Consequently, the Joule losses dissipated by the coil may be evaluated in the following ways:

- Using the
**Computation**menu, followed by the following choices:**On physical entity**→**Compute**→**Region**. - Using the
**Computation**menu, followed by the following choices:**On physical entity**→**Compute**→**Circuit**. - With a sensor (
**Predefined**type:**Losses by Joule effect**) on a**Volumer region**or in**Surface region**. - With a sensor (
**Predefined**type:**Losses by Joule effect**) on a**Stranded Coil Conductor**component.

Keep in mind, however, that only approaches **2** and **4** above (i.e., those
employing the FE coupling component as a computation support) will directly evaluate the
total Joule losses in projects containing symmetries or periodicities. Under such
circumstances, approaches **1** and **3** (which use the region as a computation
support) yield losses values that must be multiplied by a factor *k*, in which
*k* equals the number of "copies" of the region generated by the symmetry or
periodicity.

Moreover, it should be remarked that approaches **1** and **2** do not account for
the power dissipated in the additional resistance of the FE coupling component.

The coil conductor region does not take the skin and proximity effects into account. Consequently, its use is not recommended in projects requiring a detailed evaluation of the current and loss density distributions in a winding.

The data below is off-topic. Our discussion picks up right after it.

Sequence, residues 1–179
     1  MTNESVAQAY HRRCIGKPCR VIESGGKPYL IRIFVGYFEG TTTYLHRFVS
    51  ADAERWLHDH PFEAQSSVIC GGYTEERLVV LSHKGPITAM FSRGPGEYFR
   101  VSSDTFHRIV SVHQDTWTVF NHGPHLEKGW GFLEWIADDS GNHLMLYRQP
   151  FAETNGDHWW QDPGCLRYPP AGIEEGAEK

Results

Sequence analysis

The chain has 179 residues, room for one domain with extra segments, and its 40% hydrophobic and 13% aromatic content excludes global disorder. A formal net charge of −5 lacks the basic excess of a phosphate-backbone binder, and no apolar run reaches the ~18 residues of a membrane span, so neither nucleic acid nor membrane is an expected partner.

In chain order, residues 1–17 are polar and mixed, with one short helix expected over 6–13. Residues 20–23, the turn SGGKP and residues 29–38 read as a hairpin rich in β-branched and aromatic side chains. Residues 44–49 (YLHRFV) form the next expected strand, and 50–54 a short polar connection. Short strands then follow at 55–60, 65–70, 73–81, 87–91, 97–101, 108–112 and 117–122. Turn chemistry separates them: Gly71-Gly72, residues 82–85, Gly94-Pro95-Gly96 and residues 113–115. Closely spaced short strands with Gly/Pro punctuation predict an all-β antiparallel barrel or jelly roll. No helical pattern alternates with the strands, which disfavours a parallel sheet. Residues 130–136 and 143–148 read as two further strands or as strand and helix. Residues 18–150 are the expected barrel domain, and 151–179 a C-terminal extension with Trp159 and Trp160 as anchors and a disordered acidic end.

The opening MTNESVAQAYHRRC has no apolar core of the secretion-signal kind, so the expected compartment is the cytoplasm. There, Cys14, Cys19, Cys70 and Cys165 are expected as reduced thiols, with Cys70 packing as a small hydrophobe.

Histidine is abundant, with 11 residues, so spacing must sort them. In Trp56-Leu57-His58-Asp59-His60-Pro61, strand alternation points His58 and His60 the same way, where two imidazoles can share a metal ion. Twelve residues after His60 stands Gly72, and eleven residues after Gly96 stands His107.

## Example of application

Let's consider the modeling of a solenoid in Flux 3D. A similar coil has already been analyzed in the documentation chapter presenting the coil conductor region without losses, in which the solenoid inductances were evaluated with the help of sensors and compared to an analytical formula.

- the solenoid is made from a copper (which is a material promptly available in Flux Material Manager) and
- its fill factor is 0,747.

This additional information permits enhancing the previous model by choosing the coil conductor region with simplified geometrical to represent the solenoid in Flux 3D.

The recompense from using this more elaborate type of region is that Flux becomes capable of evaluating additional quantities in the post-processing stage. Figure 1 shows a few examples that were obtained in a Steady State AC project representing the solenoid, for a sinusoidal current of 1/√(2) A RMS.

Note, however, that the coil conductor region with simplified geometrical description still does not account for current concentration effects such as the skin and proximity effects. Consequently, in the Steady State AC application considered in this example, quantities related to the current distribution in the winding result uniformly distributed in the coil (e.g., current density, Joule losses density) and remain constant at higher frequencies (e.g. coil resistance, inductance, current density and Joule losses density).

This behavior is highlighted in Table 1, which compares a few relevant quantities evaluated with the same AC Steady State application representing the solenoid. The values in that table were evaluated with the help of sensors and I/O parameters in Flux 3D for two different frequencies.

Frequency (Hz) | Current (A) | Voltage (V) | Resistance (Ω) | Inductance (mH) | Reactance (Ω) |
Active Power (W) | Reactive Power (VA) |
---|---|---|---|---|---|---|---|

150 | 1+ j 0 | 1.50 + j 1.48 | 1.5 | 1.568 | 1.48 | 0.75 | 0.74 |

400 | 1 + j 0 | 1.50 + j 3.94 | 1.5 | 1.568 | 3.94 | 0.75 | 1.97 |

The complex values of current, voltage and power evaluated by Flux and available in Table 1 are represented in the time domain in Figure 2. The plots in that figure show that the behavior of the coil conductor region with losses and simplified geometrical description in this example is similar to the one of a series RL network with fixed resistance and inductance.